CEPH Site Visitors as Consultants
CEPH site visitors, because of their extensive knowledge about schools and programs and their familiarity with accreditation expectations, are often contacted directly by potential applicants seeking consultation. CEPH site visitors may enter into consulting arrangements and negotiate fees and conditions of employment with currently accredited schools or programs or with those that may seek CEPH accreditation in the future. However, current or past consulting relationships constitute a conflict of interest that makes it inappropriate to participate in future evaluation processes regarding that institution. If a consulting relationship has been established prior to invitation as a site visitor, the potential site visitor must declare a conflict of interest and decline participation in the site visit team.
Under no circumstance is it acceptable for a site visitor assigned to a school or program to enter into a consulting arrangement with that institution while an accreditation review is in progress. An accreditation review is considered active from the time the institution is notified by CEPH about its review cycle, or is approved as an initial applicant, until the accreditation decision has been made and all final letters and reports have been transmitted to the institution.
Consulting relationships subsequent to an active accreditation review in which the consultant has had a CEPH role, such as site visit chair or on-site evaluator, are discouraged. Although these occur at a point when the consultant can no longer influence the accreditation decision, they nonetheless give the appearance that the councilor or site visitor benefits personally and/or financially from the CEPH assignment. The appearance of pecuniary gain on the part of CEPH participants, whether founded or not, undermines the credibility of the accreditation process and diminishes the confidence that the academic and professional community can have in the decisions of the accrediting body.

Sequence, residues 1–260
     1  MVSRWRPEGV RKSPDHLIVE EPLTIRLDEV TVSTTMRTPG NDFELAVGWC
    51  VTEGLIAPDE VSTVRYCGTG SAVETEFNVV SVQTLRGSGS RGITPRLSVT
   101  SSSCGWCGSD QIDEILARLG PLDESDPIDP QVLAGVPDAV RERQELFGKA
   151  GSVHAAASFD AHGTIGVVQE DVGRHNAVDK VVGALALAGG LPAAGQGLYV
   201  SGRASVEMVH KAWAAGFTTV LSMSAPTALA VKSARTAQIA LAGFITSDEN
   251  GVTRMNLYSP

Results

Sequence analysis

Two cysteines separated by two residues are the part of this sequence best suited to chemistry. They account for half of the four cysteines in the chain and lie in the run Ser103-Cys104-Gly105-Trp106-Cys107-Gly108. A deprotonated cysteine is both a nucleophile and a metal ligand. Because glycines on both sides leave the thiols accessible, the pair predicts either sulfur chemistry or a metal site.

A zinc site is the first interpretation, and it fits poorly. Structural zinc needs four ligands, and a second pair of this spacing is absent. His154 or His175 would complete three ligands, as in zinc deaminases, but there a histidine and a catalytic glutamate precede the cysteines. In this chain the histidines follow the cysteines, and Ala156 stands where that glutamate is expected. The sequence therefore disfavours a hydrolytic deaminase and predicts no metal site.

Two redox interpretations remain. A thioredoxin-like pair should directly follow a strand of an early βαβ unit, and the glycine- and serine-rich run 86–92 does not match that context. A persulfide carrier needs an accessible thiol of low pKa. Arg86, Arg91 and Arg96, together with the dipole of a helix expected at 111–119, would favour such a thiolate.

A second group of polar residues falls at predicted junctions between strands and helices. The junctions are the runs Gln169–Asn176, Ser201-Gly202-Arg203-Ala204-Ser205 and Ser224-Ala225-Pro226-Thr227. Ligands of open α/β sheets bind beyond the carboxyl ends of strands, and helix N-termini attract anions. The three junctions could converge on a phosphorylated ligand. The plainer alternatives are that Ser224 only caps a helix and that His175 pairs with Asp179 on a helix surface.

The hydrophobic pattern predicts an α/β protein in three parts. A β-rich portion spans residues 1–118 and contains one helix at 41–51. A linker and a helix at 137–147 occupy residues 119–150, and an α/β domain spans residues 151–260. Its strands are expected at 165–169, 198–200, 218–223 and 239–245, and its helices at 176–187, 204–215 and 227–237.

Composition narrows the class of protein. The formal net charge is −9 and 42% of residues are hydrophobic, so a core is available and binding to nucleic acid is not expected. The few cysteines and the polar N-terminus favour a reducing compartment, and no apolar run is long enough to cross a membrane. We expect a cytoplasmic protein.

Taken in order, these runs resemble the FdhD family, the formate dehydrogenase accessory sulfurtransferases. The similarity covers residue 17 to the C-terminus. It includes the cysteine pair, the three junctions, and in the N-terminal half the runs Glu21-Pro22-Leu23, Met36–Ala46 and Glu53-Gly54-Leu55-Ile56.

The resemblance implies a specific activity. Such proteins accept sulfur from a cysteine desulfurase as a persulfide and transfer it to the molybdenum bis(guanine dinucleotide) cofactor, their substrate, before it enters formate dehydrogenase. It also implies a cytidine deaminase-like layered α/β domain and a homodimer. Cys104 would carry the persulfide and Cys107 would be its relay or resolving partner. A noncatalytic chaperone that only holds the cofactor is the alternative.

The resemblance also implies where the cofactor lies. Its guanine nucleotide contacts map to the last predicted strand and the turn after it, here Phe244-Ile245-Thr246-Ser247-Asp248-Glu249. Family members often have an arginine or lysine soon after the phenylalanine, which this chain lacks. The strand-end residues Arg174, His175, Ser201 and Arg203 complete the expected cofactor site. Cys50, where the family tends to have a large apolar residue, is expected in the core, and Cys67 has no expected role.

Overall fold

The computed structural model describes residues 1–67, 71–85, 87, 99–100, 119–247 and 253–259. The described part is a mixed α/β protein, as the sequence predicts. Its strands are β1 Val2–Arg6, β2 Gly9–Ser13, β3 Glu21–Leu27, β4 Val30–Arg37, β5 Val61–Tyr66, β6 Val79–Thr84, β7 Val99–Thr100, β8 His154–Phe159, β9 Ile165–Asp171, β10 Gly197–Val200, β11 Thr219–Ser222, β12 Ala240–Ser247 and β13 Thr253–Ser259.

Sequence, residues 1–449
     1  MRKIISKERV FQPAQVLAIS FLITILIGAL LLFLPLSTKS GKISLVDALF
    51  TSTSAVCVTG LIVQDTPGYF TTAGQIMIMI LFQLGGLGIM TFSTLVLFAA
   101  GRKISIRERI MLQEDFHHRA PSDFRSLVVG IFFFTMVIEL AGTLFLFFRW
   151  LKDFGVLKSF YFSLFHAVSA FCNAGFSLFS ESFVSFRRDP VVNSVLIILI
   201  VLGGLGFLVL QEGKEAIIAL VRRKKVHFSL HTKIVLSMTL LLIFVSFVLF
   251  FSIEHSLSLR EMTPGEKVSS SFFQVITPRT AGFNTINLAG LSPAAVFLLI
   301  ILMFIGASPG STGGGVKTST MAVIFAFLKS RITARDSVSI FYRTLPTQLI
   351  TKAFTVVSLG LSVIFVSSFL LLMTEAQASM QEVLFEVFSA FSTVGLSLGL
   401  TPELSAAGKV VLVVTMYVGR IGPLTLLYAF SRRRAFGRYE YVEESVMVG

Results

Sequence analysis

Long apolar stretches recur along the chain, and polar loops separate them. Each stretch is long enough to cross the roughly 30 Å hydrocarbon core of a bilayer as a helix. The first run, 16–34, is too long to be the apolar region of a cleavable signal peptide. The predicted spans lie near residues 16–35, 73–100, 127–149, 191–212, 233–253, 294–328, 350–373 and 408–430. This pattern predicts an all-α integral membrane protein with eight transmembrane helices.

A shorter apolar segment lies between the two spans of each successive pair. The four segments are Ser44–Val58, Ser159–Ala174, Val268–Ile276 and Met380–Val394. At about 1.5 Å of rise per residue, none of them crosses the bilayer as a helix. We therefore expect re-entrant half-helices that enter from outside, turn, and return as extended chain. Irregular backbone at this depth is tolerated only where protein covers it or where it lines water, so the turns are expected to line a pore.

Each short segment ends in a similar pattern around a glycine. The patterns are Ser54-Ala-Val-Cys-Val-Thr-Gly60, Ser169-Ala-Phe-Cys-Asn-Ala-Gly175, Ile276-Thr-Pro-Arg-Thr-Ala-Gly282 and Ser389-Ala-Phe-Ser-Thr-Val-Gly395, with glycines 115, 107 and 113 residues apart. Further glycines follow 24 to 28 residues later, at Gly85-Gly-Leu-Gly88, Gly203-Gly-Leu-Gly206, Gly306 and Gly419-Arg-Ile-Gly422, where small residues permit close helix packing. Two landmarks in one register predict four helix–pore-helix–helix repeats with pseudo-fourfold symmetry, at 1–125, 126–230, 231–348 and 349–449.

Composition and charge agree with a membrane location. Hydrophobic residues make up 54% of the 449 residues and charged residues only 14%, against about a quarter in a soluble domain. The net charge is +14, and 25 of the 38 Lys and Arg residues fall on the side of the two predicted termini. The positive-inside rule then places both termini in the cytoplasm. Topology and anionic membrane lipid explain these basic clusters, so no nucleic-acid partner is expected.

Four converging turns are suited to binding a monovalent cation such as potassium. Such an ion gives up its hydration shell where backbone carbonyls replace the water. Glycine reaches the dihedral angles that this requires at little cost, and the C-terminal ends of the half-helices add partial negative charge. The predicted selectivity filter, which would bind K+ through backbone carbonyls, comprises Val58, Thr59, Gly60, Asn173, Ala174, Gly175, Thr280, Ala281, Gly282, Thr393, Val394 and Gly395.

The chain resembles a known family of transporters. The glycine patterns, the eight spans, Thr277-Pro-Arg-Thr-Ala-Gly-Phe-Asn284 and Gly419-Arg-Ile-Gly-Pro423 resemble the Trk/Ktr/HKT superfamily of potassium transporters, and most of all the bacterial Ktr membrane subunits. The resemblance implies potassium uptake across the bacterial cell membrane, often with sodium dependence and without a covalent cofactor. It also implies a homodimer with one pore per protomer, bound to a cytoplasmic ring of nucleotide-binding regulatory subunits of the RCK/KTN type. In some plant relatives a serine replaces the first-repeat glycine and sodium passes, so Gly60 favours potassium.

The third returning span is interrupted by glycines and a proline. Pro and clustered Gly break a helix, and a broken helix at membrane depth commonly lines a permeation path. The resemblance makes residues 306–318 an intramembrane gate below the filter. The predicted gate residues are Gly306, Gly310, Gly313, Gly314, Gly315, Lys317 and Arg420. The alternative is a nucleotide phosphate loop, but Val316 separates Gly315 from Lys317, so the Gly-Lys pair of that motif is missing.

Current Councilors as Consultants
During active service as a member of the CEPH board, councilors are not permitted to seek or accept a consulting assignment with any CEPH-accredited institution or any institution that is likely to seek accreditation by CEPH. Consulting relationships that occurred before active service on the board constitute a conflict of interest that disqualifies the councilor from future participation in decision making regarding that institution.
Councilors serve on the board as representatives of various constituencies and it is logical that those constituencies will look to their representatives for knowledgeable advice about accreditation. The information-sharing role can be satisfied in a public forum without compromising the position of a councilor. However, individual advice to a specific applicant or potential applicant establishes a perception of impropriety that must be avoided. Inquiries of this type should be directed to a CEPH staff member.
Admonitions to and Expectations of All Consultants
- CEPH consultants, including current councilors, former councilors and former site visitors, must guard against representing their advice as a commitment to a particular decision, position or interpretation on the part of the Council. Only the board of councilors, acting as a group, is in the position to do this. Hopefully consultants can offer useful advice because of their long experience, but they must be careful to characterize their advice as reflecting only their own judgments. They may not represent themselves as agents of the Council.
- Individuals who engage in consultation about accreditation, whether paid or unpaid and whether before, during or after service to CEPH, are expected to a) advise CEPH about the consulting assignment, b) decline service as a reader or site visitor for that school or program, c) declare a conflict of interest to be recorded in meeting minutes and d) refrain from voting or otherwise influencing future decisions about that school or program.
Council on Education for Public Health
Adopted: October 2, 1999
Revised: August 5, 2003
Revised: August 15, 2011